Dedicated to understanding  the remarkable emotional, social and mental abilities of birds, and the unsuspected richness of their societies.

The Private Life of Spiders by Paul Hillyard - Book Review

By Ron House

spiders - Paul HilyardAs a child I was terrified of 'bugs' in general, but I came to an accommodation with spiders when, some years ago, I found that outside our house were lots of redback spiders. I started looking closely at them, and I soon found myself intrigued. They are not aggressive spiders, not at all, but if you lightly touch their back legs, faster than the eye can see they extract from their spinerets and hold out in defence a small glistening white 'net'.

But in doing so they looked to me more threatened than threatening, and I understood why redbacks don't willy nilly make trouble with humans. From then on I have let the Book cover - Private Life of Spiders - Paul Hilyardredbacks go about their business without interference.

But it took me many years to discover that one insight into spider life. The Private Life of Spiders gave me so many more thought- and emotion-provoking insights in a few hours of enjoyable reading and viewing.

I say "viewing" because of the remarkable photographs. The pages are a colour-filled wonderland.  All the images in this post are from the book courtesy Princeton University Press.

We have webs, like frosting on the morning grass glistening with dew; spiders in riotous extremes of colour, like the translucent red, green and yellow Orchard Spider; spiders on colourful flowers; and more. And every single image is a top example of photographic skill.

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Woodpeckers At Ranthambore National Park

woodpecker at Ranthambore

Renowned for its tigers Ranthambore National Park is also a haven for birds. I had read about woodpeckers as a child in storybooks and imagined this was a bird that lived in the U.K., Europe and the U.S.A. 

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Microbats At Long Grass

By Peter Richards from Long Grass Wiildlife Refuge and Bats Qld

microbat boxIn previous years Gabi and I have had microbats come in to care and those that did we had little success with. We became quite somewhat despondent about the prospect of rearing more microbats only for them to die after a couple of weeks. This year however has been different. Since the beginning of December 2011 we took 9 microbats into care and lost two of them. One of the deaths was pretty well unavoidable. A bat that was passed on to us from Australia Zoo as simply requiring a rest before being released turned out to be paralysed and had multiple injuries. The second death was a 3g furless baby that survived for 27 days and then succumbed to what I think was inhalation pneumonia after she was switched from syringe feeding to lapping as she had a habit of putting her whole nose in the milk. I will stick with syringe feeding these young ones from now on.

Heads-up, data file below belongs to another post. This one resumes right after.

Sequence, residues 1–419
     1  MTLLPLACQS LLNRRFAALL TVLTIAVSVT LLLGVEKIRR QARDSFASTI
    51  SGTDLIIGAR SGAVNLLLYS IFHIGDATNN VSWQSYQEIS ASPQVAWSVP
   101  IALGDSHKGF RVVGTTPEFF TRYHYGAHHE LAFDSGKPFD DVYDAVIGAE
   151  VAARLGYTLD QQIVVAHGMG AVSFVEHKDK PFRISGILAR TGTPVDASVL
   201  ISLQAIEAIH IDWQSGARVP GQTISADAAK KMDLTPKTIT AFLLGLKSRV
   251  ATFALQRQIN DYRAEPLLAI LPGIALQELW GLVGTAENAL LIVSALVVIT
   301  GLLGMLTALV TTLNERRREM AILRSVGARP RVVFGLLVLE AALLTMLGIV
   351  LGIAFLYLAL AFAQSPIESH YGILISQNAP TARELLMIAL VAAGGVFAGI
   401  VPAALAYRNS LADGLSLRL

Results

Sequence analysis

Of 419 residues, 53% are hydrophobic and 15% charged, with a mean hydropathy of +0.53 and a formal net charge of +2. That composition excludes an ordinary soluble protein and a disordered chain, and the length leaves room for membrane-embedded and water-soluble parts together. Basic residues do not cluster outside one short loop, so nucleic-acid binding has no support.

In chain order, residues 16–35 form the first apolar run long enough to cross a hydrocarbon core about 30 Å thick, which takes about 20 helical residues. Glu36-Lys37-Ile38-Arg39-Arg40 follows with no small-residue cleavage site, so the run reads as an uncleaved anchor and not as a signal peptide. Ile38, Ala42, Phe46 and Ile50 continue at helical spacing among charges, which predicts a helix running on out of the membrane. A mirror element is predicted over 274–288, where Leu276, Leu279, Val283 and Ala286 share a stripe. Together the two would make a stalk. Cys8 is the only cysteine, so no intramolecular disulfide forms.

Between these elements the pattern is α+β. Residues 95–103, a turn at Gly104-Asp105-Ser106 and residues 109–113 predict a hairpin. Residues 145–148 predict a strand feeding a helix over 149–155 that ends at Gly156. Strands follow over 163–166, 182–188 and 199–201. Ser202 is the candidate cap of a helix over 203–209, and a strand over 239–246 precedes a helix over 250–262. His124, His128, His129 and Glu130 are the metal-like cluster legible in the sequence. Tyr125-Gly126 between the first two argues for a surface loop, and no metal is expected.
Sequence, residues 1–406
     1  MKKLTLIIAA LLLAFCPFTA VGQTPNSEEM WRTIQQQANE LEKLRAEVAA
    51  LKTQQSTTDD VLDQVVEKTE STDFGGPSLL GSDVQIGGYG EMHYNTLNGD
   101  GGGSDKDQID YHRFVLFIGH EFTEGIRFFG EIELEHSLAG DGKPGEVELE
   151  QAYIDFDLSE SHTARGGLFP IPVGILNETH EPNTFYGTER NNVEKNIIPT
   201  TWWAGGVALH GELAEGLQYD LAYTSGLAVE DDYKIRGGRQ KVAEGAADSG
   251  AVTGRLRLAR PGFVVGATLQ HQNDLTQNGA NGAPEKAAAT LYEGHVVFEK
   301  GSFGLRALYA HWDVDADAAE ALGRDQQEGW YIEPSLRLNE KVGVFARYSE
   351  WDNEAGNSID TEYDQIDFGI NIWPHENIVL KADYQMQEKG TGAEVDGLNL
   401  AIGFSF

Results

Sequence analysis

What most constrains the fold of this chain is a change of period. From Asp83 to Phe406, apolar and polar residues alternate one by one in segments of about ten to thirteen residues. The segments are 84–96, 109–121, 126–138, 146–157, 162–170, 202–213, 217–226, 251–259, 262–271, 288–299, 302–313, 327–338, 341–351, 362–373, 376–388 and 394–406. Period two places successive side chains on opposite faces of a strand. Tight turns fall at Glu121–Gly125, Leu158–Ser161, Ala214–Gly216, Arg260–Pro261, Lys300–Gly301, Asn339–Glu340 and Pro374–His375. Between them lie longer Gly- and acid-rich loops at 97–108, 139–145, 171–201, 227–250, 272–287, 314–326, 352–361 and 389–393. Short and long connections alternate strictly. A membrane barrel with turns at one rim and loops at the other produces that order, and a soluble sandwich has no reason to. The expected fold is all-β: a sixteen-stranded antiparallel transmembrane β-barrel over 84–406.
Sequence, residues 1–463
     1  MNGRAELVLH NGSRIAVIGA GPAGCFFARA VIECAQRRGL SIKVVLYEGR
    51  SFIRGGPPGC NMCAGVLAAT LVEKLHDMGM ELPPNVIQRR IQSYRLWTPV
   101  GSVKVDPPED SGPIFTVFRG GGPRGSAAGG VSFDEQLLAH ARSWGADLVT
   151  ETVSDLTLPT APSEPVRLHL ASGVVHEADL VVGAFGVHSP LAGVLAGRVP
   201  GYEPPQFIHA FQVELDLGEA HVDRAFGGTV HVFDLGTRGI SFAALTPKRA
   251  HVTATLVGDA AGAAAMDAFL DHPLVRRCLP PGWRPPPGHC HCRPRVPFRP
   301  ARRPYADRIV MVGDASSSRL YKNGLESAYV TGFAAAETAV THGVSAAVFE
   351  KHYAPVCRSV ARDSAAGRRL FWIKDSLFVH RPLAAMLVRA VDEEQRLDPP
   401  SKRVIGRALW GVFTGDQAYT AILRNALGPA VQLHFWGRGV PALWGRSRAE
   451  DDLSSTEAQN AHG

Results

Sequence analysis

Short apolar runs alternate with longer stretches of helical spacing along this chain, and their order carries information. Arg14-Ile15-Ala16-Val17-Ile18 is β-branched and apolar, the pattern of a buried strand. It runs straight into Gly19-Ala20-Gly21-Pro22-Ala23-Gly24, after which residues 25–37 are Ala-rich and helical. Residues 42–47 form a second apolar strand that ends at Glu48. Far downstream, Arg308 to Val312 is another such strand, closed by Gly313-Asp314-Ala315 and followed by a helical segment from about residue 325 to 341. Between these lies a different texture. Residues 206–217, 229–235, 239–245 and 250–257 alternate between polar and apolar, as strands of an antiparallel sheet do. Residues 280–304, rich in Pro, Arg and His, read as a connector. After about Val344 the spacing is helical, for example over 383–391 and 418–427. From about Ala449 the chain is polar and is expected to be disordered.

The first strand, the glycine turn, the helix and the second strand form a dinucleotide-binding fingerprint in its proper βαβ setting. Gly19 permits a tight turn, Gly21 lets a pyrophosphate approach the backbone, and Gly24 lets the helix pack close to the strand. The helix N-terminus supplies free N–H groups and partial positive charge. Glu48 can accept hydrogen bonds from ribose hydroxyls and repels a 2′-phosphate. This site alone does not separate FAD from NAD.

We have improved our microbat facilities during this season. The inner lining of a 2 man tent made a perfect bat house in the corner of our office. The tent is free-standing, lightweight, roomy and totally bat proof. 
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Don't Shoot Bats - Please tell your state & local leaders

Don't Shoot Bats - Banner

It's not too late to help - visit - to find out how you can help and for more information on bats. 

"Full exclusion netting is the only reliable method" - NSW Govt (Dept of Environment & Climate Change)

Unfortunately LNP has announced plans to shoot bats instead of following progressive ways that actually work.  Let your pollies know that these bad old ways are no longer acceptable.

Sign the petition at:

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Eldon Taylor's - I Believe

Eldon's fascinating new book reveals the importance of choosing your beliefs and the effects these choices have on the quality of your life—impacting areas that may surprise you in ways you have not thought of. From influencing how long you will live and how your DNA expresses itself to what you will allow yourself to see and hear, we promise that you will be astounded at the many consequences for every single belief. It's like a spider web that continually builds upon itself often trapping us where we don't want to be.


"The ancient Greek philosopher Epictetus taught his students that what happens to them is not as important as what they believe happens to them. In this engaging and provocative book, Eldon Taylor provides his readers with specific ways in which their beliefs can lead to success or failure in their life undertakings. Each chapter provides nuggets of wisdom as well as road maps for guiding them toward greater self-understanding, balance, responsibility, and compassion." I Believe cover
~ Dr. Stanley Krippner, Ph.D., author and Professor of
Psychology and Humanistic Studies at Saybrook University

We highly recommend you read this book and that is why we are giving away our From A Wild Bird's Heart Gift Package as a special bonus gift to all who order their copy today!   

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